Those of us lucky enough to be around mom, had a variety of nicknames she called us. If we were pouting, she would ask if we wanted to eat mollygrubs. If we were sad, she would call us a picklepuss. If we were in trouble, she would call us by our full name and say ‘you’re going to H E double toothpicks’. If we were in really bad trouble, it was ‘wait till you father gets home’. If she didn’t know what to say she would stick her tongue out at us. Those that have had that experience know ‘the look’.
Mom wasn’t a saint. She did have her, not so good characteristics. She loved her gossip. She loved watching the neighbors and talking about what they were doing (sorry neighbors). This was more pronounced the older she got and at the end she had no filter. She would say things right in front of the person she was gossiping about. Which made for awkward or funny experiences.
Shirlee was a member of the Church of Jesus Christ of Latter-day Saints and served in many capacities and callings throughout her life. Those included serving as primary president, relief society president, Bishop’s wife, and the past years as a Temple worker. She loved the gospel, had a testimony of Christ, and shared that with her children and grandchildren.
There are many things that can be said about mom. She was full of love. No matter how stupid or outlandish we acted or continue to act, she always told us she loved us. She showed that love in the many acts of service she gave to her family and others. There are stories we hear from those that had tragedy or distress where mom was there to help. Mom cared more for others than she had concern for herself. ‘Others always came first’ was her motto. We have seen those acts of service throughout our lives within our family.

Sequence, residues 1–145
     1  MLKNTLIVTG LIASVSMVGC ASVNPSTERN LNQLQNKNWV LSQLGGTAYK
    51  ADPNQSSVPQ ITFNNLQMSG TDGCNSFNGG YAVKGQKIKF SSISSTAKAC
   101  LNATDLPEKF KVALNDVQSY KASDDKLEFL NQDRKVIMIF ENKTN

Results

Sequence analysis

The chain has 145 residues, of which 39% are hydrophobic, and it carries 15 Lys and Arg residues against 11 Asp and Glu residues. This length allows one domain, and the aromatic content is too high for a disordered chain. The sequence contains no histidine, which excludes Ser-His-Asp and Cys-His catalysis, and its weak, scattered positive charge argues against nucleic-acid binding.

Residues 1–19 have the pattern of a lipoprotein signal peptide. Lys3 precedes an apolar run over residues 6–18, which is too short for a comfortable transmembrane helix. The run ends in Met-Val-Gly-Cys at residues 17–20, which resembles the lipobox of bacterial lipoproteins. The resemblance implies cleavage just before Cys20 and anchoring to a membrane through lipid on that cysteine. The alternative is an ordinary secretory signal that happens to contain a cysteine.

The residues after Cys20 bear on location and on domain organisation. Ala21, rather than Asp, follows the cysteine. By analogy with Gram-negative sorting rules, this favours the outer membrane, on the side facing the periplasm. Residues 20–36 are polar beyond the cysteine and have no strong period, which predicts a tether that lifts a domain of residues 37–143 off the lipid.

She had family living with her throughout her life and took any kids, grandkids, and her mother into her home when they were in need. When her mother was living in a care center she went everyday to make sure she was ‘okay’. She always remembered birthdays and her and dad always traveled to be at special occasions for their kids, grandkids, and great-grandkids.
Shirlee is preceded in death by her husband, Golden; parents, J Francis and LeGay Petersen; sisters Karen Skanchy (TC) and Carol Ann Petersen; and a grandson Spencer Roper. She is survived by 4 children; Grant (Bernadette) Pocatello ID; Tab (Heidi) Boise, ID; Roxie (Val Startup) Grantsvilles, UT, Craig (Jennifer) Layton, UT; 15 Grandchildren,11 In-law Grandchildren, 21 Great Granchildren and one on the way.
Graveside services will be held Saturday, July 1, 2023 at 11:00 a.m. at the Bancroft Idaho Cemetery, Bancroft, Idaho. Friends may visit with family Friday, June 30 from 6 to 8 p.m. at Lindquist’s Layton Mortuary, 1867 No. Fairfield Rd., Layton, Utah.
We want to thank all those that have been of service to our mother, especially the staff at Fairfield Village. Growing old and having dementia can take away one’s dignity but you continued to show kindness to mom, even when she may have been feisty. Remember her as she was, a loving and kind person with a sense of humor.